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About 20 years ago I spent a year living in Osaka, Japan, with the aim of studying martial arts. I took the opportunity to immerse myself in the culture, language and philosophy of this remarkable nation. Japan is surprisingly big, stretched out over a far greater area than the UK and with perhaps double the population. It’s also, geographically, very diverse – with Hokkaido in the north blasted by Arctic winds and its seas freezing over with pack ice in the winter, to islands in the south, like Okinawa, which are pretty much tropical.
Over the years I have travelled the length of the archipelago and filmed its wildlife – including one of the world’s largest amphibians, the giant salamander, and the impressive giant spider crabs. However, until now, one region I had never explored was Tohoku, the prefectures to the north of Tokyo. My wife, double Olympic rowing champion Helen Glover, had never been to Japan, so we had the pleasure of experiencing the breath-taking landscapes and fascinating culture of Japan’s northern wilderness for the first time, together. For a new, two-part series on BBC World News, we explored the ancient pilgrimage routes, volcanic landscapes and mountain shrines of northern Japan, discovering the unique wildlife, a centuries-old samurai hot spring bath and learning ancient samurai arts.
We began our journey in the far north, in an area best known for its apple orchards. It was early winter so a thick carpet of snow lay all over the landscape, and it was here that we saw the world’s most northerly living primates (with the exception of ourselves) dangling over the sea as they fed on pine nuts. The ‘snow monkeys’ probably found their way here during a glacial period when sea levels were lower, or when a land bridge linked Japan to the rest of Asia, but they have been now been stranded here for millennia and are one of the most heavily studied of all monkeys. Snow monkeys are well known for bathing in hot springs when it gets particularly chilly, and for learning skills from each other – which has been defined as ‘culture’. We also came across the Japanese serows; a kind of caprid, or a goat antelope with a long face, shaggy brown fur, and a gait that switches from ponderous to agile in a heartbeat.
I found the northern part of Japan to be more rustic and authentic than any other place I’ve been to here. We trekked during the winter months, so despite the majesty of its Shinto shrines, forests and snow-covered mountains, we saw very few tourists.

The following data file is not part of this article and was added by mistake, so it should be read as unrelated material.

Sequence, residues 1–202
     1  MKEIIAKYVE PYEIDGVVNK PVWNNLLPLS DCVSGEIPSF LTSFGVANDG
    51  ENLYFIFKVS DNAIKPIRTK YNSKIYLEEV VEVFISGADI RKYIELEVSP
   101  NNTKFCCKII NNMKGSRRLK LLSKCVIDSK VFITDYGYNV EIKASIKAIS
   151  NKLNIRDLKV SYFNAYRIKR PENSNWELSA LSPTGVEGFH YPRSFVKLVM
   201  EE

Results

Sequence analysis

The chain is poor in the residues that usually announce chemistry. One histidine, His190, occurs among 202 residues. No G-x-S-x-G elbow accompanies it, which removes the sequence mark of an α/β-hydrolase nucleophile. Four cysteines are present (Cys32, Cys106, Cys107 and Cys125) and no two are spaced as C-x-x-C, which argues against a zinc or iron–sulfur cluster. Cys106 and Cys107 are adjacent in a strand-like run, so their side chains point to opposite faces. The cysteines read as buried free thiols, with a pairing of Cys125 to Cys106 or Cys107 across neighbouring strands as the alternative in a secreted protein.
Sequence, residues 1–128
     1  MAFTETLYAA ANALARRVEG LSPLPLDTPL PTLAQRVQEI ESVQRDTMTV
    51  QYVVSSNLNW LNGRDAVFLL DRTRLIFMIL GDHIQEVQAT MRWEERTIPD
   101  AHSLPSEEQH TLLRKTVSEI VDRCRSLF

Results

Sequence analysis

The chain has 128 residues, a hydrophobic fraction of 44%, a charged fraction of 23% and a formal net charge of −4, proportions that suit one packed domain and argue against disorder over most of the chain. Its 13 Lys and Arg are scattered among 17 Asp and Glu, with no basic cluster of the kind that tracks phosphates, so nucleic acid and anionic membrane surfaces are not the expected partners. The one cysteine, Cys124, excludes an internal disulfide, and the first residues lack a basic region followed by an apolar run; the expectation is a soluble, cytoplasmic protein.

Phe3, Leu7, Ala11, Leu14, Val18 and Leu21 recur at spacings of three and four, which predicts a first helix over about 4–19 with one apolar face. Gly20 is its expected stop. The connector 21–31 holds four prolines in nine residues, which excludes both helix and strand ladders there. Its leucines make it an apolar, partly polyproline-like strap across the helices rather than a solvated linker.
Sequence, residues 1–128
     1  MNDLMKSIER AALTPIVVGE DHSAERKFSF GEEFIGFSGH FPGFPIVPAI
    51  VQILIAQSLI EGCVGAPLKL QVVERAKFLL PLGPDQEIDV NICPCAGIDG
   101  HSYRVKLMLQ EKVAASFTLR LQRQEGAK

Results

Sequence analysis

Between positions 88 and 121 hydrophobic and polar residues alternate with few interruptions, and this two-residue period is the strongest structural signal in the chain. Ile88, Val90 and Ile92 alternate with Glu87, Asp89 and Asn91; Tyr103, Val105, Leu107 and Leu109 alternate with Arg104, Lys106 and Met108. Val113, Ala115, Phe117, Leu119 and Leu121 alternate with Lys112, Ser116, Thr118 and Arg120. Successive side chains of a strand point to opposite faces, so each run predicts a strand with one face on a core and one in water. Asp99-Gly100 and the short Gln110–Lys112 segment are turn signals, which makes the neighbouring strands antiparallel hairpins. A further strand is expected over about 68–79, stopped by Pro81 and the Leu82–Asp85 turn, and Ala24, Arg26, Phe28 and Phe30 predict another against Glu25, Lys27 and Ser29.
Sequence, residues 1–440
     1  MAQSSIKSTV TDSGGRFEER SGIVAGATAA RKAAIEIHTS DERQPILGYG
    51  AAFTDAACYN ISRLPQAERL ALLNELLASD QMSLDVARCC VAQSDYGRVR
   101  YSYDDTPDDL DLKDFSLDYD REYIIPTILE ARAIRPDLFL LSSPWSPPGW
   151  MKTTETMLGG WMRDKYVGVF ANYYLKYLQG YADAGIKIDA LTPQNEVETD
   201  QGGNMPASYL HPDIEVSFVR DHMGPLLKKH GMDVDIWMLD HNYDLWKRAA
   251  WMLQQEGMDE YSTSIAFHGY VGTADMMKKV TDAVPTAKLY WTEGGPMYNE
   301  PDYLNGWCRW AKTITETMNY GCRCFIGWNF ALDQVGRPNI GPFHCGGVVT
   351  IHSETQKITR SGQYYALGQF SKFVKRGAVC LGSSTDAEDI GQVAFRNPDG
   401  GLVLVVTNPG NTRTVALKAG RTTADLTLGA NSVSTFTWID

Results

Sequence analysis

Helen and I spent many evenings sat around the table with local people, me desperately trying to rediscover my spoken Japanese and Helen often communicating better with gestures and smiles than I could do with fractured words. The people we met and that welcomed us into their homes were not only incredibly welcoming, but also extremely proud of Helen’s achievements: ‘To think, we have a gold medallist in our monastery’, one monk said, beaming, ‘this is the proudest day of our humble home.’
We shared meals of extraordinary complexity, where form, appearance and texture were as important as taste. There were some unfamiliar flavours for Helen, and some of the bean pastes and curds were beyond even her adventurous palate! But we found there was zen and ritual everywhere, in the form and placement of everything from a simple ornament to a particular kanji character, to the way you twist a green tea mug, or how you bow and remove your shoes on the entry to different rooms. Luckily there was always a friendly, smiling face to patiently guide us through the protocol, and no one is ever offended if you get things wrong – this was incredibly helpful when trying to navigate our way through the baths in the many onsen (hot springs and public baths).
Through the course of our journey we became used to the thin mattresses on tatami floors, paper screened rooms and cold fish for breakfast. And around us in the temples and shrines we saw Japan as a silk screen painting, shrouded in snow with impossible attention to detail, often curious, sometimes infuriating but aesthetically perfect.
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